Gabriel Fauré was a profound composer of chamber music. He
was one of the great romantic composers that France
produced during this era. His music speaks eloquently to our ears
today and his music is still widely played today. He was heavily
influenced by the music of Robert
Schumann, Franz Liszt, and Richard Wagner.
Gabriel Fauré was born in Ariege, Paris in 1845. His father immediately recognized his musical talent and sent him to Paris to study music. When Camille Saint-Saëns took over his teaching duties, he was finally introduced to the previously mentioned composers who had a string influence in his future compositions. He began to compose, and in 1865 he graduated from that school of music, winning first prize in composition.
He began his career as an organist in Rennes. He then enlisted in the army and upon his return to Paris he began the Society for the promotion of modern French composers along with other composers of the time. In 1887, he began to compose his most famous piece, Requiem, which was for string orchestra and choir. With this piece, his reputation grew and he was appointed as the professor of composition at the Paris Conservatoire. With the added income from this position, he could focus more on his work rather than worrying about his financial status.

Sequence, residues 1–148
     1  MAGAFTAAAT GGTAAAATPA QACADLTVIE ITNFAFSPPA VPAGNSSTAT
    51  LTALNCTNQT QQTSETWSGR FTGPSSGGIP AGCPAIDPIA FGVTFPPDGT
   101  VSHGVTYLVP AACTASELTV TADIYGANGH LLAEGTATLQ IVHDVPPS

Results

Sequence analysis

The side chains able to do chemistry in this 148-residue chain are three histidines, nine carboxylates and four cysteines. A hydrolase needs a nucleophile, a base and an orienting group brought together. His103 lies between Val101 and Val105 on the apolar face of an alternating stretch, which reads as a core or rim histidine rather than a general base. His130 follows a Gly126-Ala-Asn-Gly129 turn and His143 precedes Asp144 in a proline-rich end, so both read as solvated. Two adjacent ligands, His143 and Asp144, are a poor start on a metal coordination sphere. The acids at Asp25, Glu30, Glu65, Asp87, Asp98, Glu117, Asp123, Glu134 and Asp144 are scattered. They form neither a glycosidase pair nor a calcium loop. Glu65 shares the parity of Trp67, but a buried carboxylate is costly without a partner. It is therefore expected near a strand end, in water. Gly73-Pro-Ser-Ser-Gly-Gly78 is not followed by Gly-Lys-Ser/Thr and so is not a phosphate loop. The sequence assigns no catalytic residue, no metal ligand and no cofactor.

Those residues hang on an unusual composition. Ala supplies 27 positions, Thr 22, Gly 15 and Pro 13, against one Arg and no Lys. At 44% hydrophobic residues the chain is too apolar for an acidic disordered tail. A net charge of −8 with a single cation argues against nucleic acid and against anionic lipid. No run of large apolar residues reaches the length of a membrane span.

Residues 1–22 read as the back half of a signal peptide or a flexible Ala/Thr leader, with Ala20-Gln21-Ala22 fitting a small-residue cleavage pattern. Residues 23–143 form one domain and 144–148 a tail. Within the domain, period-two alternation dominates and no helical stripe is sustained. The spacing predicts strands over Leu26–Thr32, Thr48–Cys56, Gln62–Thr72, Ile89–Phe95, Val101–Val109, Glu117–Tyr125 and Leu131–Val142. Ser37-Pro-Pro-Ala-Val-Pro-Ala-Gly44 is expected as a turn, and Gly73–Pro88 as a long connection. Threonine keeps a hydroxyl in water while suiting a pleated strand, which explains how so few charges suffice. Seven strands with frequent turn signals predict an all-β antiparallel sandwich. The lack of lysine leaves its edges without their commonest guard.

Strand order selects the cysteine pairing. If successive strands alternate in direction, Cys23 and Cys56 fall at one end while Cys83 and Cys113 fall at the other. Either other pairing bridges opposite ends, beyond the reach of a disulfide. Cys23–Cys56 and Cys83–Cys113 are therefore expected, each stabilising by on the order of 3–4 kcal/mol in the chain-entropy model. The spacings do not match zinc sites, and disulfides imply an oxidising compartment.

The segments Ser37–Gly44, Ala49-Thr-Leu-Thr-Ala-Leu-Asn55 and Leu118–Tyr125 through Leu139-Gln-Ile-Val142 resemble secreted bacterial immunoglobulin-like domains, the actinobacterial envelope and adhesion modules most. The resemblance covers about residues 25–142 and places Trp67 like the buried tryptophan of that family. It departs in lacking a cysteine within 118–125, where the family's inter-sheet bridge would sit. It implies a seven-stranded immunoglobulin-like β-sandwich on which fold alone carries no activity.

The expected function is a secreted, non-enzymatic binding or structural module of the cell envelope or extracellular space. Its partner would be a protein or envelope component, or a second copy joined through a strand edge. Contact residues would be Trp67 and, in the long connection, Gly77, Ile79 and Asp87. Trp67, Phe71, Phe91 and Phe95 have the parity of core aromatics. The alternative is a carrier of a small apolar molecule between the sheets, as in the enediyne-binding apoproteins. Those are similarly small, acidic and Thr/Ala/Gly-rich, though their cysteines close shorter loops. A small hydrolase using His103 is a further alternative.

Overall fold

At the age of 60 he was finally receiving the recognition he
deserved. His masterpiece, an opera called Penelope, was possibly
his greatest work, but due the bankruptcy of the opera house where
it was to be played, it never gained the respect that it deserved.
He slowly began to seclude himself due to the onset of deafness.
His pieces began to become more mellow as seen in Violin Sonata #2
and Cello Sonata #1. He retired from his position at the Paris
Conservatoire and he died in 1924.
His Famous Compositions
Although by no means a radical composer, Faure imbued his music
with elegance and melodic style that are entirely his own
concoctions. His pieces were so graceful that many are reminiscent
of Chopin. His notable pieces are his Requiem, Pelleas at
Melisande, Piano Quartet #1,
Op.15, Penelope, and Nocturnes. He also wrote a great String Quartet in E minor, op.
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